Medicare is reviewing whether seniors should undergo spine surgeries at same-day surgery centers, the government-run health program announced Wednesday, five months after a USA Today Network-Kaiser Health News investigation revealed a spate of patient deaths following the procedures.
The proposal states that Medicare officials will examine whether these procedures “pose a significant safety risk” to patients and continue to “meet the criteria” for Medicare payment.
The news investigation found that in 2021 and in 2021 Medicare approved same-day spine operations for seniors even though at least 14 patients had died since 2008 after such procedures.
Some suffocated from the well-known complication of upper-spine surgery that may generally be reversed if caught immediately and treated properly.
The investigation also found that some medical professionals urging Medicare to pay for surgery centers to operate on seniors' spines didn't mention recent incidents of death in their own or an affiliated facility.
Dr. Nancy Epstein, a chief of neurosurgical and spine education at Ny University Winthrop Hospital, lauded the proposal, saying patients face extensive risks after spine surgery.
“It's about time,” Epstein said of the review proposal, which she expects to rankle some doctors who've a financial stake inside a spine surgery center.
Bill Prentice, executive director from the Ambulatory Surgery Center Association, addressing the centers in policymaking discussions, said he supports Medicare stepping up its efforts to do an internal and external overview of the procedures its smart for at surgery centers.
“The more resources they use, the better,” Prentice said. “I believe that the greater data points they have, the more likely they are to help make the right decision. – We feel these procedures can be carried out very safely within the ambulatory surgery center space.”
Medicare announced the plan to re-evaluate its decision to cover seniors' spine procedures in a yearly rule-making document released Wednesday. The company is accepting comments on the proposed changes through Sept. 24 and is likely to release a final decision late around.
The proposal to examine the security of spinal measures in seniors is on-page 441 of the document. Individuals who would like to comment can do so here.
The nation's 5,600-plus Medicare-certified surgery centers are required to have an internal governing body that decides which surgeries it will perform around the center's patients. However, the federal agency decides which operations it will pay for in surgery centers, continuously proposing and adding some procedures during annual rule-making.
The recent proposal aims to review 38 procedures added since 2021, of which 25 involve spine surgery, and make a continuing intend to continually review approved procedures. The proposal says that because “Medicare beneficiaries are usually frailer and exhibit a higher quantity of comorbidities than other populations, we believe it might be appropriate to reevaluate recently-added procedures.”
The proposal also says Medicare uses “all available data,” “prevailing medical practice” and any public comments it receives to evaluate whether to keep paying for the procedures.
The USA Today-KHN investigation, involving reporters based in California, Indiana, Florida and Nj, included a review of thousands of pages of lawsuits, state records and Medicare's own inspection reports. It found that spinal surgery patients suffered tragic complications in surgery centers or soon after they left.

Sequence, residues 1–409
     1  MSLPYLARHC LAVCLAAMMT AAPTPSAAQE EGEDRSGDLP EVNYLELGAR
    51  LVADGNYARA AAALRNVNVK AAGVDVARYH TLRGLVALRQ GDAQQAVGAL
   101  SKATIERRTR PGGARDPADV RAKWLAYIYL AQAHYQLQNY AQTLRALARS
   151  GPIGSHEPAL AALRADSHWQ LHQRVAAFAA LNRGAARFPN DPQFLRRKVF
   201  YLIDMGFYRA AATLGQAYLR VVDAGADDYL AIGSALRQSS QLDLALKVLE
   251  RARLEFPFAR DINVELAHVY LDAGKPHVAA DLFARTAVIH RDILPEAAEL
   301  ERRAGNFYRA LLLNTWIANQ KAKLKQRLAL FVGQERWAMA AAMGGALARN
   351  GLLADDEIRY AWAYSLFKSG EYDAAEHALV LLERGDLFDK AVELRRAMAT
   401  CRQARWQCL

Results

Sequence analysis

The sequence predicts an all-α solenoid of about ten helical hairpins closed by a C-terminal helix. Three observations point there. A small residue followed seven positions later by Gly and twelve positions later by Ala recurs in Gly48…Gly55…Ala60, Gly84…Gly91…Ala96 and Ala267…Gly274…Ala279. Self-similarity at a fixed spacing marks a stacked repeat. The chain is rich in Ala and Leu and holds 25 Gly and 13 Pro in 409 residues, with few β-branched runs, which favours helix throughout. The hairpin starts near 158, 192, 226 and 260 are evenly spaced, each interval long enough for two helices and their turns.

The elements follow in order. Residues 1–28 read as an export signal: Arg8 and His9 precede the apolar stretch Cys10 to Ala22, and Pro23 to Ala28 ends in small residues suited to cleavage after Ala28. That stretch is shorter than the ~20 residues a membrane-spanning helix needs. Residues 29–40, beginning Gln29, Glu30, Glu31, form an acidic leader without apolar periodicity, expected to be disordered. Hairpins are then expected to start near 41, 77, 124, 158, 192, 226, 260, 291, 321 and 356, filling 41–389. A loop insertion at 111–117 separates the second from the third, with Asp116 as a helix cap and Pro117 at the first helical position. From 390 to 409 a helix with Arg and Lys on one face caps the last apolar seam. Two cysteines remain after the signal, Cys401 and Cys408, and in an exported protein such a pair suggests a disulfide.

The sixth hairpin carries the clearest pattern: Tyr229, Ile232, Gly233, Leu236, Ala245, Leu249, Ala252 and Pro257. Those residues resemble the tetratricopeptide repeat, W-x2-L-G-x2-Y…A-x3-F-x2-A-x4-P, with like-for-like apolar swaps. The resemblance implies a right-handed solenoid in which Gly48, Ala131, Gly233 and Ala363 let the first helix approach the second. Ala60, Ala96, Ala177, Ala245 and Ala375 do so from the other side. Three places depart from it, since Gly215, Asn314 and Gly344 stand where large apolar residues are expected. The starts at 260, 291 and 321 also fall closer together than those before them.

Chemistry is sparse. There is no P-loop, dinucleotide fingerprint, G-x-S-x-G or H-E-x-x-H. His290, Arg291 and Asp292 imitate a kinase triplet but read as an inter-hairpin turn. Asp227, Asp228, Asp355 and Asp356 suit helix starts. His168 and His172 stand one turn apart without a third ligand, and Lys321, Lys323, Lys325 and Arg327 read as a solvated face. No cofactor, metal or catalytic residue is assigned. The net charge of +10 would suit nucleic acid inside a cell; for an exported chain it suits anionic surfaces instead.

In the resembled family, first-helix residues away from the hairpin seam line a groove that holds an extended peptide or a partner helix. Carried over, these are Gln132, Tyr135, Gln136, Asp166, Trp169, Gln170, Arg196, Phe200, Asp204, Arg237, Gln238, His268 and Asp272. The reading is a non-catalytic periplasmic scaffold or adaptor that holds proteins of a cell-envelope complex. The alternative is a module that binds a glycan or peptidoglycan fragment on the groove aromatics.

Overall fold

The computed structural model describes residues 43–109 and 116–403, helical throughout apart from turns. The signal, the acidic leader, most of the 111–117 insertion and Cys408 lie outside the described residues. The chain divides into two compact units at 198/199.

The cases incorporate a Florida man, then 53, whose doctors left soon after an upper-spine surgery. Soon afterward, he had breathlessness. A nurse called 911, and paramedics who rushed to the surgery center initially hit a locked door, the household's lawsuit says. The man remains inside a vegetative state.
A California woman, Paulina Tam, 56, told a nurse she was having problems breathing after her upper-spine surgery, a Medicare inspection report says. Her medical team had also left during the day. A doctor who happened to be in the center after 6 p.m. later told a situation inspector he “wasn't prepared” to do an urgent situation surgery to insert an airway with the front of her throat. Tam died the next morning.
Her son, Dr. Eric Tam, a brand new York City physician, said Medicare's proposal is “overall very good news – someone is looking into something a minimum of.”
However, he explained one worry about your time and effort is the fact that “I'm not necessarily sure just how much data they need to examine.”
Health databases for a lot of under-65 patients will make it difficult to link injuries which happen following a patient leaves a surgery center. Your research found court public records showing that some upper-spine surgery patients developed fatal complications your day they left a surgery center.
They include a San Diego man whose wife said he gasped “like a fish” awaiting an ambulance after his surgery in 2021, a Dallas man who collapsed in his father's arms in a similar scenario this year and a Portland man who pounded the roof of the car as his wife sped towards the hospital.
None of these survived.
In emails sent this past year, Medicare officials said when they approved similar spine surgeries for seniors, they didn't get any public comments the procedures would put patients at risk.
Dr. Tony Asher, director of the national neurosurgery quality and outcomes database who is additionally a surgery center association board member, acknowledged that he was “appalled” by a few cases in news reports investigation.
He said spine surgeons have to embrace more transparency on safety outcomes associated with specific procedures – and particular surgery centers.
“In an optimal setting, it is possible to do these things effectively and safely,” he said. “On a continuing basis, we have to show we're providing that.”